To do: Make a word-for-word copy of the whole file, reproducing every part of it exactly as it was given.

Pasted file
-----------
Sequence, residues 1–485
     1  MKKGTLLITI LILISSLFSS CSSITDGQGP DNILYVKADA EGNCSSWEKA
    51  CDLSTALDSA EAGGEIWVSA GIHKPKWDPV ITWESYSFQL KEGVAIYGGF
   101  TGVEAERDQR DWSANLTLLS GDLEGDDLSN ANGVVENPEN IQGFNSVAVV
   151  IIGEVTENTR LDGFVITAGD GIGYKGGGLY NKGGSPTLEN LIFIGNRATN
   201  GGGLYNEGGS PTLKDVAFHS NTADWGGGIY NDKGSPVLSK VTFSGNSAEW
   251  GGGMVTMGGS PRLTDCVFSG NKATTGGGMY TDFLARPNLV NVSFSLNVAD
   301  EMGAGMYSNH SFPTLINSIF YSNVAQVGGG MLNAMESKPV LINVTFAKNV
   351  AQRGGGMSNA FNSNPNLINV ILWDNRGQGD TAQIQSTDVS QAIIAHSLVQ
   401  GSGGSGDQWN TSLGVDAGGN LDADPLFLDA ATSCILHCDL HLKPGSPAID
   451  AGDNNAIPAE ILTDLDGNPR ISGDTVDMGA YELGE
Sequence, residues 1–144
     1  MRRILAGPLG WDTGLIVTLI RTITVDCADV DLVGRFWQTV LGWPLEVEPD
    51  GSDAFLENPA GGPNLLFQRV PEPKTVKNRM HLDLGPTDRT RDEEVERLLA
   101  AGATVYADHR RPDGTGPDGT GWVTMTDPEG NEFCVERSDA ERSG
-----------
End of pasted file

Sequence, residues 1–485
     1  MKKGTLLITI LILISSLFSS CSSITDGQGP DNILYVKADA EGNCSSWEKA
    51  CDLSTALDSA EAGGEIWVSA GIHKPKWDPV ITWESYSFQL KEGVAIYGGF
   101  TGVEAERDQR DWSANLTLLS GDLEGDDLSN ANGVVENPEN IQGFNSVAVV
   151  IIGEVTENTR LDGFVITAGD GIGYKGGGLY NKGGSPTLEN LIFIGNRATN
   201  GGGLYNEGGS PTLKDVAFHS NTADWGGGIY NDKGSPVLSK VTFSGNSAEW
   251  GGGMVTMGGS PRLTDCVFSG NKATTGGGMY TDFLARPNLV NVSFSLNVAD
   301  EMGAGMYSNH SFPTLINSIF YSNVAQVGGG MLNAMESKPV LINVTFAKNV
   351  AQRGGGMSNA FNSNPNLINV ILWDNRGQGD TAQIQSTDVS QAIIAHSLVQ
   401  GSGGSGDQWN TSLGVDAGGN LDADPLFLDA ATSCILHCDL HLKPGSPAID
   451  AGDNNAIPAE ILTDLDGNPR ISGDTVDMGA YELGE
Sequence, residues 1–144
     1  MRRILAGPLG WDTGLIVTLI RTITVDCADV DLVGRFWQTV LGWPLEVEPD
    51  GSDAFLENPA GGPNLLFQRV PEPKTVKNRM HLDLGPTDRT RDEEVERLLA
   101  AGATVYADHR RPDGTGPDGT GWVTMTDPEG NEFCVERSDA ERSG